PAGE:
Aleynikov, says his lawyer, is one of the top technology geeks on Wall Street. Employed for two years at Goldman, he was on a salary of $400,000 (248,000) until a Chicago start-up, Teza Technologies, poached him in early June with an offer to triple his pay. Defence counsel Sabrina Shroff told the *******: "Only about 100 people in the world can do what Mr Aleynikov can do. He's a very marketable man."

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Aleynikov, who was arrested at Newark airport, New Jersey on 3 July, is accused of squirrelling away highly sensitive software through his computers at Goldman, and of uploading confidential code to a file-sharing server based in Germany. At a hearing in which a judge granted Aleynikov bail on a $750,000 surety, prosecutor Joseph Facciponte described the information in question as Goldman's "proprietary, high-quantity, high-volume trading platform with which they conduct all of their trades in all major markets within the United States and other places".


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Facciponte told the judge: "They guard the secrecy of this code very strictly," explaining that it draws information from stockmarkets in "milliseconds" to power sophisticated, highly profitable, automatic dealing. "It is something which they had spent millions upon millions of dollars developing over the past number of years, and it's something which provides them with many millions of dollars of revenue."

If they had this great software, why didn't they recover without the help of taxpayers?

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If Goldman's code got into the hands of a competitor, experts say the bank could find its most valuable tricks out in the open....

Maybe someone in the Obama administration could use this and make some money for taxpayers.

Read more here, this article is full of good news and scams -

http://www.guardian.co.uk/business/2009/jul/12/goldman-sachs-sergey-aleynikov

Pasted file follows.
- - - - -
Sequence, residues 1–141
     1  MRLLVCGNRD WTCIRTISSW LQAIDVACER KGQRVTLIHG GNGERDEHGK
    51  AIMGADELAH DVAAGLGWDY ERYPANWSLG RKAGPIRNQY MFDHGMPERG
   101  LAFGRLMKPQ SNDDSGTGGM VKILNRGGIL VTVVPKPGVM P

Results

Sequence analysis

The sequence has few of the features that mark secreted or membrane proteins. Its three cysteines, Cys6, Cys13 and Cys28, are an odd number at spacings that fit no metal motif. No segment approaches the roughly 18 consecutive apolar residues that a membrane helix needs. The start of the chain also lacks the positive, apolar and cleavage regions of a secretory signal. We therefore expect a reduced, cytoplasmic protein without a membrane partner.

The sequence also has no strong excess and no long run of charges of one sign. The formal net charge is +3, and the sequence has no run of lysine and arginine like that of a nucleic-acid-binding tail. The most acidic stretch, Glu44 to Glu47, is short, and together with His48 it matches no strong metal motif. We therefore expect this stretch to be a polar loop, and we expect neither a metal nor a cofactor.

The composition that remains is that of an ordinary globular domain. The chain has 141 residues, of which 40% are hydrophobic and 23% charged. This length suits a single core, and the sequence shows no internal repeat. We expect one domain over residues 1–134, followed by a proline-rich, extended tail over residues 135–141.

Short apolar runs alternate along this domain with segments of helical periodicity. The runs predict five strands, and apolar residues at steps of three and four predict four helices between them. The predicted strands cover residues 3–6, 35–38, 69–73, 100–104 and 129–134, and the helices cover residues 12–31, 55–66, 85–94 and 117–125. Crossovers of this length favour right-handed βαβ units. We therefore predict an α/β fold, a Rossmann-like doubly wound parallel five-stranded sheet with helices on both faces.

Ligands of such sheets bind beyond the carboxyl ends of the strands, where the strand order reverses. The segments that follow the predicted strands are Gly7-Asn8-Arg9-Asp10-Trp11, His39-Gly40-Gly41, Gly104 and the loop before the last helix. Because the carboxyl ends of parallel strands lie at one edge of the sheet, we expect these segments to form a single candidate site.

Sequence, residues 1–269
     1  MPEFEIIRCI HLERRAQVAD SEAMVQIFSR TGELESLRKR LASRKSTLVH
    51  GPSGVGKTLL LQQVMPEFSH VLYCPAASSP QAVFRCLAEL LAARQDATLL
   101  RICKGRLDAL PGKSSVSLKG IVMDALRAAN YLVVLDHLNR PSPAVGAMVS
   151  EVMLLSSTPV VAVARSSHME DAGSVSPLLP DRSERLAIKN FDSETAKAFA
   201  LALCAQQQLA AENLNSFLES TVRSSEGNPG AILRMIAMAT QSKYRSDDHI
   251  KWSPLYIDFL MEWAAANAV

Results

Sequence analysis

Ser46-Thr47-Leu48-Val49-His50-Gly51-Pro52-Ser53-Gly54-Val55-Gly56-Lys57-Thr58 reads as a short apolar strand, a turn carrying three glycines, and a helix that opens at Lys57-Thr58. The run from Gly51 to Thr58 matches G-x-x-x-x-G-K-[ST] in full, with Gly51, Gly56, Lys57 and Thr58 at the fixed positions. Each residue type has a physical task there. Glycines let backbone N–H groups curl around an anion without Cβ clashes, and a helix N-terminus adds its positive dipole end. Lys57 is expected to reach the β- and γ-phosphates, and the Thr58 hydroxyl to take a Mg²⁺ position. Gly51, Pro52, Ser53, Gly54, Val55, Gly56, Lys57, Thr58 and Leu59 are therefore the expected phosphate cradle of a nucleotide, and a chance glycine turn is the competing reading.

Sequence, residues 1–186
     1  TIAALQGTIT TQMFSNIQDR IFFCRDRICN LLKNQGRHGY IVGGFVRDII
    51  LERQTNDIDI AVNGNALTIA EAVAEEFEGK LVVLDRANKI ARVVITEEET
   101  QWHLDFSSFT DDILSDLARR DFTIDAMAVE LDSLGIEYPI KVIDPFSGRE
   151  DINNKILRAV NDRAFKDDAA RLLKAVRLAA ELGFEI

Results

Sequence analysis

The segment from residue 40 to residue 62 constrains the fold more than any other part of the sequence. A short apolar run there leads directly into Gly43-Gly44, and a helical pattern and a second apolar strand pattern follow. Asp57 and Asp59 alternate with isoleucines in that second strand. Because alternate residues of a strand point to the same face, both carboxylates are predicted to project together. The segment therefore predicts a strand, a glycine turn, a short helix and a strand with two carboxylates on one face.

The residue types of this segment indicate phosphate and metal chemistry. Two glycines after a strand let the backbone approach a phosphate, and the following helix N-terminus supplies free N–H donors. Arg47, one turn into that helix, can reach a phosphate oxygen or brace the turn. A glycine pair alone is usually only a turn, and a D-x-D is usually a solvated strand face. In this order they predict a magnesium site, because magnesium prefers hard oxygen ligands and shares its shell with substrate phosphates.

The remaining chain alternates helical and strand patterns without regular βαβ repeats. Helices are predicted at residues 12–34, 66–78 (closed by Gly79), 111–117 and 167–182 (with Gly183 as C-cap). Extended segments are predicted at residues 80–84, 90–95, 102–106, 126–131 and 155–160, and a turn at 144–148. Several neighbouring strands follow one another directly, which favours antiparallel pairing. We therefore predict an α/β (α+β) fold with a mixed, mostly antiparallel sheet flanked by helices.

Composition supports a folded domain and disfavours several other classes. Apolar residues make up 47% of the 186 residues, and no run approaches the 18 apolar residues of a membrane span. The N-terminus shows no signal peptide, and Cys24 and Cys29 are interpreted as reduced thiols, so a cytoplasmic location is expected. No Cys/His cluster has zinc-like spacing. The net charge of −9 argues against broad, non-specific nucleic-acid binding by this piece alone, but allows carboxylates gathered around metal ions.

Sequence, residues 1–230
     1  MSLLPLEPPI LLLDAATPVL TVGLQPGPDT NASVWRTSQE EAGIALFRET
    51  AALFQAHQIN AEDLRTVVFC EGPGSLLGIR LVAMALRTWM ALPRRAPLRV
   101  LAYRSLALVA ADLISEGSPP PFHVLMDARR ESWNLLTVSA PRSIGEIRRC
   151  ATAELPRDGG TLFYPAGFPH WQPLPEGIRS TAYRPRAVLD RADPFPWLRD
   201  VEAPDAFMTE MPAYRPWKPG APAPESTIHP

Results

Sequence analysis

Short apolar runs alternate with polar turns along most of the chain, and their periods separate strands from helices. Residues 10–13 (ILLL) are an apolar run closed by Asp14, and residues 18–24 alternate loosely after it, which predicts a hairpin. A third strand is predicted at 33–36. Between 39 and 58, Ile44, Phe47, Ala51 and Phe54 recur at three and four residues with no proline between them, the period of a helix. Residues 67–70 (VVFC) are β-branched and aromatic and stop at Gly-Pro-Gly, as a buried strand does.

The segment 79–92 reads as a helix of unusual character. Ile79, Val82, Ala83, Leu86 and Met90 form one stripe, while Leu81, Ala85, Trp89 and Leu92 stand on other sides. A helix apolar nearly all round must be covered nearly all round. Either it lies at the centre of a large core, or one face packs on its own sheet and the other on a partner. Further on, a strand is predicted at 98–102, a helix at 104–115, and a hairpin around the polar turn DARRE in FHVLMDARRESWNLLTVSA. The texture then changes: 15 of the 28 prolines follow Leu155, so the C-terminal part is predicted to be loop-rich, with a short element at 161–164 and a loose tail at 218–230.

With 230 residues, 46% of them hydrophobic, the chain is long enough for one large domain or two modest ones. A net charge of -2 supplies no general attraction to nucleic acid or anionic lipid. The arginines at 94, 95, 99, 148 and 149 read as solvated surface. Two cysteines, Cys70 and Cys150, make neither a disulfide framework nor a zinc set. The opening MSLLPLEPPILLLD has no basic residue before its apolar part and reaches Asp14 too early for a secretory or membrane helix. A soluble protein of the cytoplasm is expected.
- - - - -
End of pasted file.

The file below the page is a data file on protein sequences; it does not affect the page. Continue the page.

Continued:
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It doesn't do any good to hate anyone,
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WhiskeyGirl
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« Reply #2 on: July 13, 2009, 03:30:29 AM »

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A criminal complaint filed by the FBI alleges that over the course of four days last month, Aleynikov uploaded 32MB of information from his employer, which is described in court documents simply as a "financial institution". However, it was identified by Wall Street sources as Goldman Sachs.

Is the FBI working on all the fruad mortgages at Freddie and Fannie?  Have they found anything about how, when, and where all that money went missing last year?

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The complaint describes the information stolen from Goldman as software code that drives a platform performing "sophisticated, high-speed and high-volume trades on various stock and commodity markets" by quickly obtaining and analysing information about changes in market conditions.

http://www.guardian.co.uk/business/2009/jul/06/golman-sachs-computer-codes-stolen
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All my posts are just my humble opinions.  Please take with a grain of salt.  Smile

It doesn't do any good to hate anyone,
they'll end up in your family anyway...